With kids back in school, a Playa Vista educational therapist has some advice
Story By Dr. Bibi Pirayesh | Photo by Maria Martin
In my practice as an educational therapist I often get parents wondering if their child is in need of testing. While parents may be wary of a culture of over-testing diagnosis, avoiding necessary testing can have detrimental effects for children who need help. Below are seven signs parents can look for if they feel their child is not quite where they need to be in terms of their academics.
• Early delays in hitting developmental milestones. The brain develops in layers. Many of the skills children are expected to learn in school (such as reading) organize on top of skills that should have developed long before school (such as language). If your child experienced delays in motor or language development in their first three years, and you now see them struggle in school, it might be worth taking
a closer look.
• Trauma in the early years. Many people think of trauma as extreme events. The fact is a simple ear infection can result in the types of auditory delays that hinder reading later on. Look back into your child’s early history to see if there may have been events that relate to current struggles.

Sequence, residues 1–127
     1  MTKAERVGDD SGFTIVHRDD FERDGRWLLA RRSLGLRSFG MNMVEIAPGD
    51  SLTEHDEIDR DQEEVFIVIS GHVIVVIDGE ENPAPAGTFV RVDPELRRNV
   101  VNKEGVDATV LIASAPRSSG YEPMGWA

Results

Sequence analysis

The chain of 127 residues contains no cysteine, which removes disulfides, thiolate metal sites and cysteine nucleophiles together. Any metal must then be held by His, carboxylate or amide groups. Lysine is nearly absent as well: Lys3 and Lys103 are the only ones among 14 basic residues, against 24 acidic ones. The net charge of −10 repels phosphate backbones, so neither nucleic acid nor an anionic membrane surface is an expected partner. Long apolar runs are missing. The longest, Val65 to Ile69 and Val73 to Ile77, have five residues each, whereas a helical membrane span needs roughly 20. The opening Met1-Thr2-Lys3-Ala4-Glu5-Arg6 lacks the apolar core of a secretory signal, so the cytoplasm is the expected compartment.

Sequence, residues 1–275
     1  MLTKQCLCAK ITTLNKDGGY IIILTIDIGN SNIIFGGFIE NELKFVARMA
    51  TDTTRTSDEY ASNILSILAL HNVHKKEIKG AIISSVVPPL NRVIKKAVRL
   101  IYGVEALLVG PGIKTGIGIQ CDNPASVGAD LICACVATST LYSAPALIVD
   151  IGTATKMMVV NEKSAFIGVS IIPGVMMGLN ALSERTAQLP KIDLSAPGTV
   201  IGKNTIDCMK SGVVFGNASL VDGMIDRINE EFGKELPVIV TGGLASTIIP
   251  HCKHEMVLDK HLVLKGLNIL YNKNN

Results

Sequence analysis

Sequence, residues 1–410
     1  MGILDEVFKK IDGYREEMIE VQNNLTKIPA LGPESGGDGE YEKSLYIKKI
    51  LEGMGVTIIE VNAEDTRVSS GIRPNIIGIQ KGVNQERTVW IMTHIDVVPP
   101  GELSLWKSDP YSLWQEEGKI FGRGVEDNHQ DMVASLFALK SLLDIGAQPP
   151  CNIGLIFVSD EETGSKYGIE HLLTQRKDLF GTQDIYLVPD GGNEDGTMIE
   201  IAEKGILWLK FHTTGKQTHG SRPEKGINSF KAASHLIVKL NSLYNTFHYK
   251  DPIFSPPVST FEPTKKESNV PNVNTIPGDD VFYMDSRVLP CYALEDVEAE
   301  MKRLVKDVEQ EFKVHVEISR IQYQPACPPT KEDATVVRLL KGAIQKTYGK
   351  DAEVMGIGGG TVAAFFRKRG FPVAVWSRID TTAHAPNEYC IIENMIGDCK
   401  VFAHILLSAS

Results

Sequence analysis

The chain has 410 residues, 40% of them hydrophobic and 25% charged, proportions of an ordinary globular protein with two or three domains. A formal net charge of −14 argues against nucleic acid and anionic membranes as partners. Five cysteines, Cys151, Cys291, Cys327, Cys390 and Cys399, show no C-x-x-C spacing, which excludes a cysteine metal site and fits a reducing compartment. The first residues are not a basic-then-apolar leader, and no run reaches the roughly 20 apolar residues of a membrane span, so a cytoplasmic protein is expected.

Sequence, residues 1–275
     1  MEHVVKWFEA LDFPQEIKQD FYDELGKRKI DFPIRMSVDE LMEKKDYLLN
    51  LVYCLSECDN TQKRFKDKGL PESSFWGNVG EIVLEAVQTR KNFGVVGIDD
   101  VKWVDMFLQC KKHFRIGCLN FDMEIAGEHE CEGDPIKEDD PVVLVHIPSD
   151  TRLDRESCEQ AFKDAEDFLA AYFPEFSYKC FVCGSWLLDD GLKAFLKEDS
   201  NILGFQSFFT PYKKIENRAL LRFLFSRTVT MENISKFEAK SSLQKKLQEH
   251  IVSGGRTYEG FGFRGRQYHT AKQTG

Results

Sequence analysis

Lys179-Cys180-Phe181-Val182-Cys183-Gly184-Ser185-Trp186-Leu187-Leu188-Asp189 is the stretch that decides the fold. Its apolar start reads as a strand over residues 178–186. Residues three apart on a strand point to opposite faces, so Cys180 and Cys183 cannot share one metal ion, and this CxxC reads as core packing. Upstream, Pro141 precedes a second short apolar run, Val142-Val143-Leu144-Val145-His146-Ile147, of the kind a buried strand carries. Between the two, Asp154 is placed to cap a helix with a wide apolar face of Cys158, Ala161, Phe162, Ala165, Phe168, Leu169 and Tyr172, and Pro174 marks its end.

• A history of learning difficulties in the family. Research does not support a purely genetic basis for learning disabilities, but difficulties like ADHD and dyslexia can “run in the family.” Parents sometimes report having the same struggles as their child (revisiting their own pain can prevent them from diving deeper into their child’s struggles).
• Homework time is a nightmare. Some of the students I see manage to get good grades in school, but those grades come at a high price. Homework should never feel so challenging that it results in fights, meltdowns, or hours of work and distress. Always check with teachers to see how long assigned homework is expected to take.
• You think your child is just lazy. Cognitive weaknesses can cause children to completely disconnect from school. In fact apathy, or laziness, is often a sure sign children are overwhelmed. Kids with intact learning skills enjoy learning. When learning itself is a chore, kids tend to disconnect.
• You child is not meeting grade-level standards. Children do develop at different rates but if your child has had one to two years of instruction in reading and still cannot read, or has tried continuously to learn math facts and simply cannot, there may be something deeper going on.
• Difficulty following directions, planning, and organizing. Children with attentional and executive function difficulties cannot manage many aspects of their lives. Difficulty planning school projects, remembering homework, a constant messy room, having difficulty getting dressed in time, not being able to wait their turn to speak, and needing directions repeated multiple times are common signs.
This is not a comprehensive list, and having these signs does not necessarily mean a child has processing delays or requires a full battery of testing. However, if you find yourself wondering about some of these signs, it might be time to ask the learning specialist at your child’s school or a professional educational therapist about a quick processing screening to flag any problem areas.
Contact Dr. Pirayesh via laeducationaltherapy.com.
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